¡Ay carambaaaa! Cultural interactions
abound on international NOLS semesters. Estuche
Photo: Benjamin Lester
Flanked by the Pacific Ocean on the west and the Sea of Cortez on the east, the Baja California Peninsula is a land of extremes and contrasts.
Granite and volcanic mountain ranges extend over 1,000 miles down the peninsula’s central spine, and Picacho del Diablo, a 10,126-foot peak in the northern mountains, is snow-covered in winter months.
The rest of Baja California, while still very rugged and mountainous, is Sonoran Desert country, receiving less than 10 inches of rainfall each year. Here exists an amazing variety of desert life, including more than 110 species of cacti. For three months, you’ll explore these contrasting environments on foot, in a sea kayak, and under sail while having ample opportunities for cultural and Spanish language interactions with local students, educators, ranchers, and fishermen.
You will learn the skills you need to visit these ecosystems and communities comfortably and responsibly in the future.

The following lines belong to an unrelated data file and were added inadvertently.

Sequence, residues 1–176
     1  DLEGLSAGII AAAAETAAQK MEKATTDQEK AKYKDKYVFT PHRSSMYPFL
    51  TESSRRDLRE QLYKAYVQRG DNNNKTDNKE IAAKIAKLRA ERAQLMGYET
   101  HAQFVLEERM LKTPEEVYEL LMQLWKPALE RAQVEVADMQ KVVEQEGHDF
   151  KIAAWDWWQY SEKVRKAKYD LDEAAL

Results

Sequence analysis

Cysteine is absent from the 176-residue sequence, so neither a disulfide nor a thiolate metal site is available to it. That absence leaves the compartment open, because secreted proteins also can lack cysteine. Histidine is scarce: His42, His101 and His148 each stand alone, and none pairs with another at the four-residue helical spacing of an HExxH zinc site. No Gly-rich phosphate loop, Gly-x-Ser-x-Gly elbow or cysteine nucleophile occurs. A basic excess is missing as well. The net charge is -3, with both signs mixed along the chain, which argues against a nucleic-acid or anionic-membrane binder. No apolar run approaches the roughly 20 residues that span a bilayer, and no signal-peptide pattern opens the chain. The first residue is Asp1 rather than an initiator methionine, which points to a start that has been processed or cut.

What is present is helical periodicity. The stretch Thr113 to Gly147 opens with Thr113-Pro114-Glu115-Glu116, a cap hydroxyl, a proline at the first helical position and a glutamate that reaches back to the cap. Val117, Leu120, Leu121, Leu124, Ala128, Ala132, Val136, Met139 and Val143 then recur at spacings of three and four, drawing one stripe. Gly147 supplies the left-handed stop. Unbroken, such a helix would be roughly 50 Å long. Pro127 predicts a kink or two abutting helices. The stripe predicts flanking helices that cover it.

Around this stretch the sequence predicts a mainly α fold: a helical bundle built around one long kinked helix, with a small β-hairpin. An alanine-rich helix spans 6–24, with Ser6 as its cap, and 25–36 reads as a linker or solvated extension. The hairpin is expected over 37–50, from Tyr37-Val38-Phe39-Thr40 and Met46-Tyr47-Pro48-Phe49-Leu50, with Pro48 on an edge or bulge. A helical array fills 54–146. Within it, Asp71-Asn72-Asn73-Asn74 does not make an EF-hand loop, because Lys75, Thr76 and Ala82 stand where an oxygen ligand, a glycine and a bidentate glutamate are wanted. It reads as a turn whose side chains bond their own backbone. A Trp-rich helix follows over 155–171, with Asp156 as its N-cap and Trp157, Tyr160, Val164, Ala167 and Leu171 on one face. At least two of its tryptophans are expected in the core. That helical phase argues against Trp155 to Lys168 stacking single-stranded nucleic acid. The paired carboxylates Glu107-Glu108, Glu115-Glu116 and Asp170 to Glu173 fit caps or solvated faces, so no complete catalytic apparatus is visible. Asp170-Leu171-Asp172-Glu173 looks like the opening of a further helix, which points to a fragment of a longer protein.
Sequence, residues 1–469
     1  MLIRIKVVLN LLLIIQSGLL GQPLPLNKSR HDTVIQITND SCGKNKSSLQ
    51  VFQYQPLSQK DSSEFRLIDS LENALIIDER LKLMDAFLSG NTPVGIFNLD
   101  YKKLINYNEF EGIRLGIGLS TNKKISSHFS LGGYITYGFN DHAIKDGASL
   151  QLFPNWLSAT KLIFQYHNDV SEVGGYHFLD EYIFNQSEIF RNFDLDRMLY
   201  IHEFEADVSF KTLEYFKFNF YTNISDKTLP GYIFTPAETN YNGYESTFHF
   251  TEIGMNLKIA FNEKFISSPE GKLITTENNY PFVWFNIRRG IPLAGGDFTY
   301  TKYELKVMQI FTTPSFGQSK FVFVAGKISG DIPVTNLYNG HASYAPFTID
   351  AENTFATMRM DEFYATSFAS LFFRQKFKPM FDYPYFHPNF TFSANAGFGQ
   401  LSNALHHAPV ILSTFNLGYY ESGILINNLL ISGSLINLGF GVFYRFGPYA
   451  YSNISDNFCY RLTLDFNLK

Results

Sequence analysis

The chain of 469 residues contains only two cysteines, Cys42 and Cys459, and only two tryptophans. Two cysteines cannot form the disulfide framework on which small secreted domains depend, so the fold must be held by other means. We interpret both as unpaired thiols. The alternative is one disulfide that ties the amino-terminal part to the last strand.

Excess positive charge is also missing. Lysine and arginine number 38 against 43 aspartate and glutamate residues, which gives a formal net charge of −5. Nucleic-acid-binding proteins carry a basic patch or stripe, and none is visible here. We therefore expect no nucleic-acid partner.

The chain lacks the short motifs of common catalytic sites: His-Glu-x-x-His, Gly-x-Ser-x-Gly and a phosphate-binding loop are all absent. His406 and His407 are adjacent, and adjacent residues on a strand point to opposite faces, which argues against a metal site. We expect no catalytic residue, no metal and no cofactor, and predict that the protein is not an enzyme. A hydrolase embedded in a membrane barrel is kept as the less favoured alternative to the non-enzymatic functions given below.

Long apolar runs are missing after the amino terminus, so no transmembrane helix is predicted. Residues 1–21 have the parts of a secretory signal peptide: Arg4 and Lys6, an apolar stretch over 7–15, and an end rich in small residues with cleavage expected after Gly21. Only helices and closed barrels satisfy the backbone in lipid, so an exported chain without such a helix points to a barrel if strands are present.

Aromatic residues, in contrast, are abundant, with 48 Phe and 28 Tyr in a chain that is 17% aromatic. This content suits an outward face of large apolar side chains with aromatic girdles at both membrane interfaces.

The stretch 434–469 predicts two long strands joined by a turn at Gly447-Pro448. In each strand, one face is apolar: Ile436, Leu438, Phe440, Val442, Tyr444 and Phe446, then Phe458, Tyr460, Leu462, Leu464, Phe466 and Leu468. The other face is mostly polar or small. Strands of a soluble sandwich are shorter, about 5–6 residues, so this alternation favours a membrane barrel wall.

Starting with Leave No Trace camping, route selection, map reading, risk management, and hazard evaluation, your backpacking section takes you deep into the desert and mountains of beautiful Mexico. Classes include discussions on group dynamics, leadership, geology, wildlife identification, and maybe some informal Spanish instruction.
Smile and soak in the warm brine air of Mexico's northern coasts. Baja California Sur
Photo: Benjamin Lester
Your mode of travel for this section will be a 22-foot Drascombe Longboat, which lets you explore remote coves that larger sailing vessels can’t reach. You’ll move along the coastline, camping on shore at night and hoisting sail during the day. Expect to learn coastal navigation, teamwork, seamanship, anchoring, sail trim, line handling, and steering, as well as snorkeling and diving to check out fish and your anchors!
Along with learning coastal kayaking skills like navigation, rolling, surfing, and paddle strokes, you’ll focus on free diving skills and water risk management. Desert natural history classes happen when the sea is too rough for travel. Some semesters make an open water crossing to explore the uninhabited islands of the Gulf of California.
Throughout your semester you’ll learn about Baja’s culture and history, gaining insight into the diversity of lifestyles of Baja residents—sometimes en español! Opportunities include visits with local staff during course preparation, travel to remote fishing villages like San Nicolás, tortilla-making classes with ranchero families high in the Sierra, and exchanges with the local university community.